St. Louis, Missouri
June 18, 2000
June 18, 2000
June 21, 2000
5.285.1 - 5.285.9
Evaluation of an Industry Project in a Freshman Course
Nancy L. Denton, Jan Lugowski, Jody Knoll Purdue University/Sun Microstamping
A unique opportunity for mechanical engineering technology students to create engineering drawings for an existing product for a manufacturer arose in spring of 1999. In keeping with the engineering technology philosophy that students learn more through practical application of knowledge, the documentation project was undertaken.1, 2
The paper describes the content of a freshman-level design documentation course and the industry documentation project. Implications of incorporating a relatively comprehensive project into the existing course syllabus are discussed. An evaluation of the project’s benefits and costs to student learning follows, together with suggestions for future improvements.
The Mechanical Engineering Technology Department at Purdue University requires two courses in engineering documentation. The first course introduces fundamental visualization skills, drawing practices, and use of a two-dimensional and three-dimensional CAD software package. The second course, the focus of this paper, helps the student to understand and properly communicate specifications needed to produce a given part or assembly. Course topics, as listed in Table 1, cover critical design aspects such as calculation of fits and application of geometric dimensioning and tolerancing. Technical documentation and design support skills are developed to the extent that a successful student can produce or supervise the production of all documentation needed to manufacture a mechanical product upon completion of the course.
Course assignments consist of a number of small practice exercises and eleven projects. Traditionally, the projects have been independent entities, with the exception of a mechanical assembly package that undergoes two modification stages.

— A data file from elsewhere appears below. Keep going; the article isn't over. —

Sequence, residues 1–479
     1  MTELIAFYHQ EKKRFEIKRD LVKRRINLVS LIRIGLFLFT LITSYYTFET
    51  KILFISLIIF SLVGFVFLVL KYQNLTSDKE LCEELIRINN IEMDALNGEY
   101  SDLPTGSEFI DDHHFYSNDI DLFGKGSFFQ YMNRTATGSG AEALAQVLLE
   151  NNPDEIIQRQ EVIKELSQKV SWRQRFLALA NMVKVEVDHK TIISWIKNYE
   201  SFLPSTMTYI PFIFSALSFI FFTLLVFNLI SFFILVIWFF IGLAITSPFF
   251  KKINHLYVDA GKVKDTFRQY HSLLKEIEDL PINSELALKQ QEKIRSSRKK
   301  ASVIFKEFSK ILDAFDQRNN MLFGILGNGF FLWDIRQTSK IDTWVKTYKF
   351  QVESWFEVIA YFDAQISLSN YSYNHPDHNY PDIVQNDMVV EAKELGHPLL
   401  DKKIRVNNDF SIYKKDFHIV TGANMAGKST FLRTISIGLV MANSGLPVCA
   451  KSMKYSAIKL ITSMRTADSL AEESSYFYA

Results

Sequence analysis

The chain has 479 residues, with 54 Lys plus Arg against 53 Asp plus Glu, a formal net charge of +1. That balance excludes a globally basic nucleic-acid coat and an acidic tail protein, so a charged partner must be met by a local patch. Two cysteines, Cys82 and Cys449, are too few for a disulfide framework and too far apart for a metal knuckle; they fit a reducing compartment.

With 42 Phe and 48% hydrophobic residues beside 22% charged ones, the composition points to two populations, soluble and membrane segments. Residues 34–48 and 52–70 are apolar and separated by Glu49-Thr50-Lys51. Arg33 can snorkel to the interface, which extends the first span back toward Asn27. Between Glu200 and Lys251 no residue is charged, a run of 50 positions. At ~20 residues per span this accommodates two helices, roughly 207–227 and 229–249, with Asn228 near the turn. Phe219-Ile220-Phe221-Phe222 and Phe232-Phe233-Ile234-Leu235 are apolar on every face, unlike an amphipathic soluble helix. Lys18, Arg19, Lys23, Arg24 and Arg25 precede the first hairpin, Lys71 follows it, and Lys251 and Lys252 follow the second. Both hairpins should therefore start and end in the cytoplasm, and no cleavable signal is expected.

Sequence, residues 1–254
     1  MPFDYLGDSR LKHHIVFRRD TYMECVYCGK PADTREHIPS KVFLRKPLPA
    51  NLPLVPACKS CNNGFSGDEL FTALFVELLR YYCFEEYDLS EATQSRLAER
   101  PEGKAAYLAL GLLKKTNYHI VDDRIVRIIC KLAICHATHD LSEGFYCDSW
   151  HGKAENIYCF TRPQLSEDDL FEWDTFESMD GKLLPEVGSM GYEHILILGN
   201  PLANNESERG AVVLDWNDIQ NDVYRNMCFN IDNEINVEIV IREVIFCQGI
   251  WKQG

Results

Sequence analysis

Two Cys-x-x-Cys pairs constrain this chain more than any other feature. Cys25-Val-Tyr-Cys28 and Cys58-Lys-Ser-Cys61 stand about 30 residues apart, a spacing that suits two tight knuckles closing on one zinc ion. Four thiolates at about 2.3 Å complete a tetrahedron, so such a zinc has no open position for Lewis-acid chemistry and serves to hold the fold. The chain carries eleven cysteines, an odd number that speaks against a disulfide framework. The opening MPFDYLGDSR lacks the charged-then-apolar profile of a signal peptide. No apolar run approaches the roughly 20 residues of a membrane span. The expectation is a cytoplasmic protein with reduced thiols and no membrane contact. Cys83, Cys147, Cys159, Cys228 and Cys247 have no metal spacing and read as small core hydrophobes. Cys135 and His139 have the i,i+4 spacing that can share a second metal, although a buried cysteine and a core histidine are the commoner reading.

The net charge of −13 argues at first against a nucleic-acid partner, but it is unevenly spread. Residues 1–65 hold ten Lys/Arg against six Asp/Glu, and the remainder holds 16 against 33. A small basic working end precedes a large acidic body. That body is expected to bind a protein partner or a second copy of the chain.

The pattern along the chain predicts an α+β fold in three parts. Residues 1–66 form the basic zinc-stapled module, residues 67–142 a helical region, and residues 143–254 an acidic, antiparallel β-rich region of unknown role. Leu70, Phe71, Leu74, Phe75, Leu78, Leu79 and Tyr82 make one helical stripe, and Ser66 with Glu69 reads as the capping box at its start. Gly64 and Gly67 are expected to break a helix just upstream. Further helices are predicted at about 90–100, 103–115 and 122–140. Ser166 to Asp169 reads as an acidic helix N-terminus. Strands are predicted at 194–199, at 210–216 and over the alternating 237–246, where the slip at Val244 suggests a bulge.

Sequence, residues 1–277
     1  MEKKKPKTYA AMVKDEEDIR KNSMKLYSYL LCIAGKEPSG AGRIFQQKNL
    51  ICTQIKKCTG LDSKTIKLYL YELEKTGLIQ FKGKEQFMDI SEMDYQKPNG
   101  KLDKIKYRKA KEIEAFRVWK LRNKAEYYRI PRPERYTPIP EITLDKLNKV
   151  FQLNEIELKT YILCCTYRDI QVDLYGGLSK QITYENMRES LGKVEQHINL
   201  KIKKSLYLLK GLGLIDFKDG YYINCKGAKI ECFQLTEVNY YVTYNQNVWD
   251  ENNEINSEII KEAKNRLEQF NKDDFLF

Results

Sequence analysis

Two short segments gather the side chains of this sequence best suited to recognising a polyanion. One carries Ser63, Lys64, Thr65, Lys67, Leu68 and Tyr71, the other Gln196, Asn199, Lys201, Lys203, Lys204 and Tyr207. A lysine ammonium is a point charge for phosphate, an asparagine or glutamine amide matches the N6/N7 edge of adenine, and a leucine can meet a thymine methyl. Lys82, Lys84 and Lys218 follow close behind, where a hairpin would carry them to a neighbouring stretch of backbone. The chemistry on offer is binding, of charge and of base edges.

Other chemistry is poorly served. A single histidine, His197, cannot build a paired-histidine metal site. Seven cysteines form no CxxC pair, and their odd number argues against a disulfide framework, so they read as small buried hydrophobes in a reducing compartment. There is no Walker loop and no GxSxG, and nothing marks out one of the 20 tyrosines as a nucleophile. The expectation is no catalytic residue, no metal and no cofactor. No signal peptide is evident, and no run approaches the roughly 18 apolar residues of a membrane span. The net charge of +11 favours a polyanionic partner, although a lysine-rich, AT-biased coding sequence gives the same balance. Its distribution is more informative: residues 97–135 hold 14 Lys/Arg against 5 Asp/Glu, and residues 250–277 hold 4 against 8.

In December 1998, an Indiana company contacted the MET Department Head in search of students to develop the detail/assembly documentation for an existing, functional product. Photographs of the product suggested that the documentation project’s scope might be realistic for completion within a one-semester three-credit course. The company was willing to work within the constraints of a standard semester timeframe. Course faculty agreed to undertake developing full design documentation for a cart-tipper as a student project integral to the second
Knoll, J. A., & Lugowski, J. T., & Denton, N. L. (2000, June), Evaluation Of An Industry Project In A Freshman Course Paper presented at 2000 Annual Conference, St. Louis, Missouri. https://peer.asee.org/8365
ASEE holds the copyright on this document. It may be read by the public free of charge. Authors may archive their work on personal websites or in institutional repositories with the following citation: © 2000 American Society for Engineering Education. Other scholars may excerpt or quote from these materials with the same citation. When excerpting or quoting from Conference Proceedings, authors should, in addition to noting the ASEE copyright, list all the original authors and their institutions and name the host city of the conference. - Last updated April 1, 2015